Swiss Literature In The Blink Of An Eye
By Martha Kennedy
Switzerland: A small, land-locked, fantastically scenic, politically neutral, minor European country where the trains run on time and the banks keep secrets. The homeland of fondue, known for its incomparable chocolate, expensive watches and exclusive ski resorts — San Moritz and Zermatt. Some of its mountains mix notoriety with fame — Mt. Blanc, the highest in Europe, the iconic Matterhorn, the deadly Eiger North Face. Among well-known books set in Switzerland are; F. Scott Fitzgerald’s Tender is the Night, Ian Fleming’sGoldfinger, and Thomas Mann’s The Magic Mountain.
Throughout the middle ages and the early modern period, Swiss cities and families had an enormous impact on world events. The powerful Habsburg family began its ascent to power from the town of Habsburg in Switzerland. Calvinism — the foundation of many major Protestant sects — is named for a Swiss theologian, John Calvin, and is a direct offshoot of the Zürich Reformation led by Huldrych Zwingli. Anabaptist faiths — we now know as Amish and Mennonites — had their origins in the Zürich Reformation.
Some of our best loved books and most cherished ideas came to us from Swiss writers. Generations of seekers have been guided by the works of Hermann Hesse. The ideas of Johann Heinrich Pestalozzi, the “Father of Modern Education,” found their way into schools everywhere. Carl Jung gave the world psychological theories and methods that have helped many people and deepened our understanding of the human psyche. The philosophy behind the Declaration of Independence, the Bill of Rights, AND the French Revolution was influenced by Jean Jacques Rousseau’s The Social Contract — and Rousseau was Swiss.
Heidi is certainly the most famous and best-loved Swiss story. An important novel in Swiss literature is The Black Spider, or Die Schwarze Spinne, by Jeremias Gotthelf, published in 1842. The novel is a story within a story, a horror story, involving a pact with the devil. It’s scary and strange, beautifully written, and it offers a window into Swiss village life, which was more than a little xenophobic.
I enjoyed the autobiographical novel, Green Henry by Gottfried Keller, written in the middle of the 19th century. It is considered one of the most important “coming of age” works in the German language. The protagonist, Henry Lee, grows from his “green” youth (he also wears green clothing), idealistic, sensitive, artistic and romantic, to finding his place in the world. He makes a transition from a rather morose and self-indulgent boy into a socially well-adjusted man who is willing to wear the yoke of civil service cheerfully and well. While the novel is serious in its purpose, showing the transition in the zeitgeist of Keller’s time from romanticism to realism, it’s often very funny.
One of the most absurd scenes in Green Henry, in which a half-naked man emerges from a lake, covered with weeds and mud, and asks Henry for directions, happened in my own life. A friend and I had taken a hike in the mountains above the little town of Fluelen on the Lake of the Five Forest Cantons (Lake Lucerne). We were pondering whether to take the train or a ferry, when suddenly, out of the lake, came a man wearing only underwear, covered in mud and weeds. He asked if we could tell him where to find a phone.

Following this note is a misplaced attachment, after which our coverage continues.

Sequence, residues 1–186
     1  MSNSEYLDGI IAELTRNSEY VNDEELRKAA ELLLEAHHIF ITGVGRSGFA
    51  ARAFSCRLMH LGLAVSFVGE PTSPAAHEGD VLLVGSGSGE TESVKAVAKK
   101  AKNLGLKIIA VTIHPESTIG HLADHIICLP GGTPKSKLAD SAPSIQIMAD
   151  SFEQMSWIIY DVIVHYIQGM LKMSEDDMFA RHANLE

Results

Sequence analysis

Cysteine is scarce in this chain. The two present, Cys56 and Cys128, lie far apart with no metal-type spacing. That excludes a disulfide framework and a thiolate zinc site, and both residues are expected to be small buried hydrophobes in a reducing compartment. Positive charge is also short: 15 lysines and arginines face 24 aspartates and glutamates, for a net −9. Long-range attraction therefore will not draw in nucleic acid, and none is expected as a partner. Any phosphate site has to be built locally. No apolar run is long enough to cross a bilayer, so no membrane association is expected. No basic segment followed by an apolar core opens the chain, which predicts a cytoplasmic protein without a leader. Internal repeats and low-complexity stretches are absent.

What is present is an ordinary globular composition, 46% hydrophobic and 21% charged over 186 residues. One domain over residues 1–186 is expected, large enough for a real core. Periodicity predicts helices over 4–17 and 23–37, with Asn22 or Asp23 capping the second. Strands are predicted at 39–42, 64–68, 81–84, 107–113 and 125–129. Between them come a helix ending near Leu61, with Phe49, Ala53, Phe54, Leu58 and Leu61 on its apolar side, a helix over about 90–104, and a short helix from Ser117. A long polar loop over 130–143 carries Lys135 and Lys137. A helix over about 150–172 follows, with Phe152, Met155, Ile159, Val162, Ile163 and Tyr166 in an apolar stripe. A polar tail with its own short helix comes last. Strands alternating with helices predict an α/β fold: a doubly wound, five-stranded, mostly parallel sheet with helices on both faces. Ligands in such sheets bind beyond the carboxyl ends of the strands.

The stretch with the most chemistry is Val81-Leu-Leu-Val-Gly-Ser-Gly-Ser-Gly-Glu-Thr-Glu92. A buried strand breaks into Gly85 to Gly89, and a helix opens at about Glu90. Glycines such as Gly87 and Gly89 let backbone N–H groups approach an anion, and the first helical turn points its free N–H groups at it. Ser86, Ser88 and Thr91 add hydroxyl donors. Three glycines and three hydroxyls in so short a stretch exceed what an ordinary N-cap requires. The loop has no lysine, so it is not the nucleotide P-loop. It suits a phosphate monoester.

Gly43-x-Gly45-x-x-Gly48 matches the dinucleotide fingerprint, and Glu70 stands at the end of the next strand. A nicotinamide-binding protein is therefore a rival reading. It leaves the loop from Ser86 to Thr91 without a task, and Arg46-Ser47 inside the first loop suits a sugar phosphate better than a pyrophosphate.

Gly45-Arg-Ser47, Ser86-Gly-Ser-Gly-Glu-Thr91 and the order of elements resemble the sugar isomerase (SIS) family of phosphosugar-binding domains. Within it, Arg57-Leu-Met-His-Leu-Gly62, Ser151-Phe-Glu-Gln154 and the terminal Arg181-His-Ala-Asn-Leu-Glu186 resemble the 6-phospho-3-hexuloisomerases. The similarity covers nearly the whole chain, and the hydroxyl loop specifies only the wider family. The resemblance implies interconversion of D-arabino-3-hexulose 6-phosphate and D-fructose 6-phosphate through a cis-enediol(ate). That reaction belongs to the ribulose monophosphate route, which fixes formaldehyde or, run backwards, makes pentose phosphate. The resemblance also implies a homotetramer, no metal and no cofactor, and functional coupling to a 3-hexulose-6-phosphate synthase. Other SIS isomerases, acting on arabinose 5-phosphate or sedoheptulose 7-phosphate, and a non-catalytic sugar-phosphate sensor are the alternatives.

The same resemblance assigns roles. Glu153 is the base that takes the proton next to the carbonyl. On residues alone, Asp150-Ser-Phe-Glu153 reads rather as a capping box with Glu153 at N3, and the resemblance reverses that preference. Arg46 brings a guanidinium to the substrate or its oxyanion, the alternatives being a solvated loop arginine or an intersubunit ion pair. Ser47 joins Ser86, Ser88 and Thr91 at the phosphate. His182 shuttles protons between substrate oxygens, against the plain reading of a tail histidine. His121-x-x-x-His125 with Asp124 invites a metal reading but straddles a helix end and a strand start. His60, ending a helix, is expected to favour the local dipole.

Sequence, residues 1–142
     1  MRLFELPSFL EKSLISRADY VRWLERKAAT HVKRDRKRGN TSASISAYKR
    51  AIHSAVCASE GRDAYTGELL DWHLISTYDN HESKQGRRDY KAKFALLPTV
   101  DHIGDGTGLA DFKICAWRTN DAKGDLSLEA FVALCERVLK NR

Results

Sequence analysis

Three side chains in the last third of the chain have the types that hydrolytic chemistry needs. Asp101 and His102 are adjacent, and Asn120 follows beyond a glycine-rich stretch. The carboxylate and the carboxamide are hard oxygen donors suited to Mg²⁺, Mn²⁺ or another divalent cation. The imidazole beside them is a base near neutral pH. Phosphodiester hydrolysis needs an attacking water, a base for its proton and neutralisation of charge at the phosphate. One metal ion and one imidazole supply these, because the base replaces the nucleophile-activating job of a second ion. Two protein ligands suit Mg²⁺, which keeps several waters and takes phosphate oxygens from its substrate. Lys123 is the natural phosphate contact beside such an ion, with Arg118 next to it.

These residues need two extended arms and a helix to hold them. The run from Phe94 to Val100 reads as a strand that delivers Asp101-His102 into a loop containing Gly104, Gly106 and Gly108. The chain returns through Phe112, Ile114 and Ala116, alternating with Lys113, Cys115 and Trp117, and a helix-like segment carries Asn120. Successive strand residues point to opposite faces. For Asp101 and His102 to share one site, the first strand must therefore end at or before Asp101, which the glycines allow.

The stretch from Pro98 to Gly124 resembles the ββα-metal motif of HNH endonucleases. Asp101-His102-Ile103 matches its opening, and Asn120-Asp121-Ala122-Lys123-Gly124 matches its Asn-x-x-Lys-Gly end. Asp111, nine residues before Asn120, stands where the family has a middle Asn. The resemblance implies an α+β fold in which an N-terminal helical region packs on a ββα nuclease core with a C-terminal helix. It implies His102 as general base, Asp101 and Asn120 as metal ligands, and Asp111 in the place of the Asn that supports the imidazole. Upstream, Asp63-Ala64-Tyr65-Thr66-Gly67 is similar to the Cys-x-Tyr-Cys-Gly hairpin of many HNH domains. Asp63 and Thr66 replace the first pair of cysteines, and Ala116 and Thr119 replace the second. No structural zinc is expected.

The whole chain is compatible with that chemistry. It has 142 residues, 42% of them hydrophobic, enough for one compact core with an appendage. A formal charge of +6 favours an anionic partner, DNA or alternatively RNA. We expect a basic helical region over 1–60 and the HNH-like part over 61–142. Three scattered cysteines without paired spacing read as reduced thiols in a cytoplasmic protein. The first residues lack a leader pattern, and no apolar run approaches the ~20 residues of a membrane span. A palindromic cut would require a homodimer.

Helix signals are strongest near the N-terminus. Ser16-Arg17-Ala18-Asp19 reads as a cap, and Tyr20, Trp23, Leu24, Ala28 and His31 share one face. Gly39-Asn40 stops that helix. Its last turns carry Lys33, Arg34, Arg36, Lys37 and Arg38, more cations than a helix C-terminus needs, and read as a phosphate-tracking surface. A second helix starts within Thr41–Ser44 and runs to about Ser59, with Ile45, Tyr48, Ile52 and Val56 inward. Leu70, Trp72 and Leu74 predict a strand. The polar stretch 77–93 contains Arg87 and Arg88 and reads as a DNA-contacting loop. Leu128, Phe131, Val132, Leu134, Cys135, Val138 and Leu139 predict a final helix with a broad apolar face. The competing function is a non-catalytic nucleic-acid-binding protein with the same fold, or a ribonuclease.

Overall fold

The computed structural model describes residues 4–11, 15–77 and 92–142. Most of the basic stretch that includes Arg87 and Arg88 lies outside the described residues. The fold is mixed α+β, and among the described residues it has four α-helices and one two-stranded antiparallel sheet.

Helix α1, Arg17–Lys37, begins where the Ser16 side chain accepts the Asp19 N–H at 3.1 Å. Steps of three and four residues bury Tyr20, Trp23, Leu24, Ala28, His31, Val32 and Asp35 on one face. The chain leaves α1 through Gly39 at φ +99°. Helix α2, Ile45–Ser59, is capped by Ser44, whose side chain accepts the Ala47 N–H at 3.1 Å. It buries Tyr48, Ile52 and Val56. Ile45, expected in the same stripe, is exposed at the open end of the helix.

One of my favorite Swiss books is also one of the great treasures of literature and art from the High Middle Ages, the Codex Manesse. It was compiled in the fourteenth century by a wealthy Zürich merchant, Rüdiger II Manesse, who wanted to collect and preserve the poetry and song of his time — Minnesangs — German lyric poetry, songs similar to those of the French troubadours. Besides being a compilation of lyrics, the Codex has beautifully painted illustrations, “portraits,” of the writers. Some are dressed in their heraldic or royal garb; some are engaged in a favorite pursuit (falconry, writing, chess, jousting); some of the illustrations make a visual pun on an individual poet’s name. The period of the Minnesangs lasted about two-hundred years, fading away at the end of the High Middle Ages.
Still and all, my favorite book set in the land of clocks, banks, and fondue is Asterix in Switzerland. Our heroes, Asterix, the Gaulish governor, his muscular side-kick, Obelix, and the great Druid healer, Getafix, search for an Alpine herb that is an antidote to poison. They find it, too.
The Brothers Path
by Martha Kennedy
By award winning author, Martha Kennedy.
The world-shattering tumult of the Protestant Reformation enters the Schneebeli household when Rudolf Schneebeli is born two months early and dies a few minutes later without being baptized. Named for the well trodden track linking the Schneebeli farmhouse to the old Lunkhofen castle, The Brothers Path is set in a Swiss village near Zürich, between 1524 and 1531. It chronicles the lives of the six Schneebeli brothers, Heinrich, Hannes, Peter, Conrad, Thomann and Andreas. Each brother navigates his own path through, around or directly into the deadly drama of the Protestant reformation.
Two hundred years after the events recounted in The Brothers’ Path, thousands of immigrants, mostly Mennonites and Amish, left Switzerland…
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